by Gunther Machu | 21st February 2017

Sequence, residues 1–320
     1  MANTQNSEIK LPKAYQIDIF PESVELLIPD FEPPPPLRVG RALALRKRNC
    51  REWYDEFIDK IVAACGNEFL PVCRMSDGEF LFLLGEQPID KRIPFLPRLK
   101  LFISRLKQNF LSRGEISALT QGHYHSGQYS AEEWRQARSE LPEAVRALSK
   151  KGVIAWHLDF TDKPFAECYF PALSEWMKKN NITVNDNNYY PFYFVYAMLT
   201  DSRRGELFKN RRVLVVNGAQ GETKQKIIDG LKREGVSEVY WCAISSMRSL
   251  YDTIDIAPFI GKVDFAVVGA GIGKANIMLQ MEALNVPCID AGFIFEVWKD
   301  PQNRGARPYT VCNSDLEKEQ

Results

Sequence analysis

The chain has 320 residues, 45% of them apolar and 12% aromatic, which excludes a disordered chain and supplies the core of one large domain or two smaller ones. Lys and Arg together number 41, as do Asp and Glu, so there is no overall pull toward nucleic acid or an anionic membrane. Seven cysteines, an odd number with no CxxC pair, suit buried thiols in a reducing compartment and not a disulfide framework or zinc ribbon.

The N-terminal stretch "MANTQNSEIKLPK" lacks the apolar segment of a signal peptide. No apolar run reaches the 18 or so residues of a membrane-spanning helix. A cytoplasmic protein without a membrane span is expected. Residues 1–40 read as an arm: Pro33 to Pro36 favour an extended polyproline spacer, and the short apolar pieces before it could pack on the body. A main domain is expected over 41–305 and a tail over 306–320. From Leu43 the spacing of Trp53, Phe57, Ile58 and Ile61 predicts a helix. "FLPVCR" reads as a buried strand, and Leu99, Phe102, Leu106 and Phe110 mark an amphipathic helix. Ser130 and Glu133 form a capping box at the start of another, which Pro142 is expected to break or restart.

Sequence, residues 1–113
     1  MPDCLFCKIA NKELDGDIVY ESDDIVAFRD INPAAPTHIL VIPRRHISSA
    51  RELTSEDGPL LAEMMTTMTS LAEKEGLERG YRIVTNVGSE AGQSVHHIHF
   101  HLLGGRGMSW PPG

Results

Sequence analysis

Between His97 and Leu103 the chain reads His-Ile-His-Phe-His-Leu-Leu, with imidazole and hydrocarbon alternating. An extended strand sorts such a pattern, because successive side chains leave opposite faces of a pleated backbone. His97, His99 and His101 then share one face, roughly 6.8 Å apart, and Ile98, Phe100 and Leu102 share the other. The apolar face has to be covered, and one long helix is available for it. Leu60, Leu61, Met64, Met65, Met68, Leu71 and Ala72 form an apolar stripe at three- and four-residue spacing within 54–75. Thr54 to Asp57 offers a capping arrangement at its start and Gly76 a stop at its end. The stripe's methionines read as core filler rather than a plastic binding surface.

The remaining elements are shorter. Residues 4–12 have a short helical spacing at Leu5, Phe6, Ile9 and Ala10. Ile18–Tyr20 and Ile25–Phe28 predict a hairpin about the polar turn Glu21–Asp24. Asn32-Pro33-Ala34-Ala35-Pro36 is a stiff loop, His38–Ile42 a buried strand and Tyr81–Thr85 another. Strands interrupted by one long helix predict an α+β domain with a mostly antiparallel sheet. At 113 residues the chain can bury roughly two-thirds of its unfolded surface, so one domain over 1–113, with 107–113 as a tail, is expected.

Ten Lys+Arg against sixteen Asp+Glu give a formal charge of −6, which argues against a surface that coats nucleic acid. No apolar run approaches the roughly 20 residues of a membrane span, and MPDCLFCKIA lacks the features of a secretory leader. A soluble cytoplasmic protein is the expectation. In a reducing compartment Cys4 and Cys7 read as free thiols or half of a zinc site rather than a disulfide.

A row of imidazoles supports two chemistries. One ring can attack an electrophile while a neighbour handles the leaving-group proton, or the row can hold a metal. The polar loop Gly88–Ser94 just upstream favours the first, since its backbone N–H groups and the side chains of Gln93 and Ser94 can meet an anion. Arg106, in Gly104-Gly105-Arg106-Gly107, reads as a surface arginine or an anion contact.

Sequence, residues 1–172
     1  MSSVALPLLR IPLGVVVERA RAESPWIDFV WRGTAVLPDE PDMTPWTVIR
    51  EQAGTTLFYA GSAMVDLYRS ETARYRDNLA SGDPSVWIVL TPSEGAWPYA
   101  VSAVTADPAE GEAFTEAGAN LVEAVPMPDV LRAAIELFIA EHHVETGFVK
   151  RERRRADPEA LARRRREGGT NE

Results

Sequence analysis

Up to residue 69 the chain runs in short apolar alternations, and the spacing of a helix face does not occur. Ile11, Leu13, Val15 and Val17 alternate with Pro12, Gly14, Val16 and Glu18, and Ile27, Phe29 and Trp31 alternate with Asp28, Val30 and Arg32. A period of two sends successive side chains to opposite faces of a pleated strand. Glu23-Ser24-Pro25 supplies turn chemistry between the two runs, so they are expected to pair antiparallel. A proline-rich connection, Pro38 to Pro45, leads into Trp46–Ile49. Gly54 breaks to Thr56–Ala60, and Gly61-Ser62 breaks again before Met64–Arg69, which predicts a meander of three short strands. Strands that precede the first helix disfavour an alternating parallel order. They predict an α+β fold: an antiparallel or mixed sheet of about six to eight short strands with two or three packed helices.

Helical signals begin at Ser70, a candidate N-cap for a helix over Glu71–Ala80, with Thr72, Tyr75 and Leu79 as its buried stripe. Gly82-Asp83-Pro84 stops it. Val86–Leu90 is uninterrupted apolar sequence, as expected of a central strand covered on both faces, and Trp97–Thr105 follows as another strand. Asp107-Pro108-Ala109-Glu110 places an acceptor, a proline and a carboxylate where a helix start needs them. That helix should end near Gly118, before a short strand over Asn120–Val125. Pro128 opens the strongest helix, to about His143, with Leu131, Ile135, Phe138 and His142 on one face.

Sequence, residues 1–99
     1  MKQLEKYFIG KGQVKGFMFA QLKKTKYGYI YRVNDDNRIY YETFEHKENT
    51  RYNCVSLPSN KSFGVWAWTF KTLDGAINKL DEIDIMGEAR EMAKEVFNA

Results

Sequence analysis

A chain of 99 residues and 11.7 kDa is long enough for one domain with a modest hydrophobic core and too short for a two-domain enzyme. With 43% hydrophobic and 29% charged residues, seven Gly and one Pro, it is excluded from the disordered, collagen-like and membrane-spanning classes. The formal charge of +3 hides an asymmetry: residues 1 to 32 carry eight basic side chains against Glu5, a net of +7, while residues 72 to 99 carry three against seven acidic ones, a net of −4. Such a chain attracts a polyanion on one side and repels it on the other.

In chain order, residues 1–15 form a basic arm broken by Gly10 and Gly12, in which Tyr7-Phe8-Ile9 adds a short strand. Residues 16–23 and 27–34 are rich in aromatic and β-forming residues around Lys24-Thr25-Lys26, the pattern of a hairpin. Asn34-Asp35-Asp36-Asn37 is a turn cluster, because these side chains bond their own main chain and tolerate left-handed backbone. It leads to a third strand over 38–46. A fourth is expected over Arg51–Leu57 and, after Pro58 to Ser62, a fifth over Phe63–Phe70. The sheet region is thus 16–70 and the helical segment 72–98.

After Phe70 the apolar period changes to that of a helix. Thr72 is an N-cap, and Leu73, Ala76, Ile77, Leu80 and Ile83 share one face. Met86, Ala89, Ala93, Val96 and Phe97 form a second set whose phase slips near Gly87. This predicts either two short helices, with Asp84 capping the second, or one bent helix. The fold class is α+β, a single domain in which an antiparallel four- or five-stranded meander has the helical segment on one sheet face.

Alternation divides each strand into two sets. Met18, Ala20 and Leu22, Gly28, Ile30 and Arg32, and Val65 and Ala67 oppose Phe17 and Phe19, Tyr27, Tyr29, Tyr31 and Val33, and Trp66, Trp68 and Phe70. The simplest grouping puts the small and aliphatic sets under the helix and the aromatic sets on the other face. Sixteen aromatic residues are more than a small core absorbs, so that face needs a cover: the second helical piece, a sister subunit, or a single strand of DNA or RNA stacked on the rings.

Nothing screams “action cam footage” more than the stuttery, stroboscope-like motion caused by the high shutter speeds used to compensate for high exposure on sunny days, making it particularly difficult to match to other cameras. Read on to see how you can fundamentally change the viewer’s perception of your action cam footage with the use of some GoPro ND! One of the first things you learn as a filmmaker is to use the 180° rule for your shutter speed, a techinque based on the shutter mechanism of old film cameras which effectively means that you should always use a shutter speed equal to double the reciprocal numerical value of your frame rate in order to achieve a smooth motion sequence (e.g. a shutter speed of 1/48s when shooting at 24 frames per second). The resulting motion blur of moving objects in the frame creates a smoothness that is an intrinsic part of the “cinematic look”, and it has a huge impact on the viewer’s experience. This, however, poses a problem when using small action cams like GoPros: their fixed aperture (around f/2.8 in the Hero5 Black, for example) means that the only way to correctly expose the image is by adjusting shutter speed and ISO. F/2.8 on a bright sunny day in snow-covered mountains means the shutter speed can easily drop down to the neighbourhood of 1/2000 – 1/3000s, which translates to zero motion blur even for the fastest action scenes. To bring the shutter speed down, you need to use heavy neutral density (ND) filtration. In our example above, this would be a 5-stop or ND32 filter (32 = 2^5). This reduces the shutter speed from ~1/3000s to ~1/94s, which is close to ideal for a typical action sports frame rate of 50fps. Now, a quick online search for GoPro ND reveals that ND8 and sometimes ND16 filters are what’s mostly available, which is clearly not enough for our example above. PolarPro GoPro Hero5 Black cinema series filters Here’s where the PolarPro GoPro Hero5 Black cinema series filters come into play. The set includes an ND8, ND16 and ND32 filter as a replacement for the front lens element (the HB5 lens cover), using multi coated glass in an anodized aluminium frame. You basically unscrew the original front lens cover on your GoPro Hero 5 Black, and replace it with the PolarPro GoPro ND filter. The result is a nice, flare-free concept that works very well! I did have a little trouble, however, when fitting the GoPro ND as the tolerances are very tight, and you could almost break your fingers while attaching them. I have contacted PolarPro with regards to this problem, and they replied that all orders would be replaced with new filters automatically and free of charge, as there was indeed a tolerance issue. That is some really good customer service! For my skiing video above shot in Flachau, Austria, I mostly used the ND32 filter, and the ND8 on the cloudy shots, which was not enough to produce motion blur. For these scenes, I should have used an ND16 – see if you can spot it! As you can see, the filtration creates a nice motion blur, which in my opinion completely changes the character of the action cam sequences. The GoPro ND makes the footage look organic, helps the subjects stand out from a more blurred background, and on top of that the H.264 encoder has an easier job of distributing the limited bandwidth of ~60Mbit/s in the image to reduce macro-blocking. It certainly does not scream “action cam footage” any longer! Since there are no exposure aids on the GoPro, it can a bit difficult to decide which ND filter to use. I used the manual shutter option and set it at 1/100s in order to match my 50fps, and tried different filters until I got a nicely-exposed image, judging only from the LCD back screen. I then swapped the shutter option back to AUTO, and set the max. ISO to 800 to allow for some automatic exposure compensation by the cam. Using the linear field of view and the Karma Grip (which I reviewed in an earlier post here) offers the additional advantage of spending almost no time in post with image stabilization or optical correction issues. I did use the Protune flat settings, however, so I did add some saturation and contrast. All in all, I can highly recommend the use of ND filters on your action cam as it truly changes the viewing experience and makes it much easier to match action cam footage with other cams. The PolarPro ND filters are just one option, with others including filter sets from Freewell, Holaca, Sandmark and others. In any case, make sure you choose filters that use high-level multicoated anti-flare glass! Figure 1 and 2: Nice, cinematic motion blur created by the heavy ND filtration. A new world of GoPro imaging opens up! GoPro settings for the video above: 2.7K 50p, linear field of view (no fisheye!), max ISO 800, Protune flat, lowest sharpness. The cam was used in conjunction with the GoPro Karma Grip Gimbal, and the time lapse sequences were shot using my Sony A7S II. The PolarPro Cinema Series Filters are available here: US: LINK EU: LINKRead more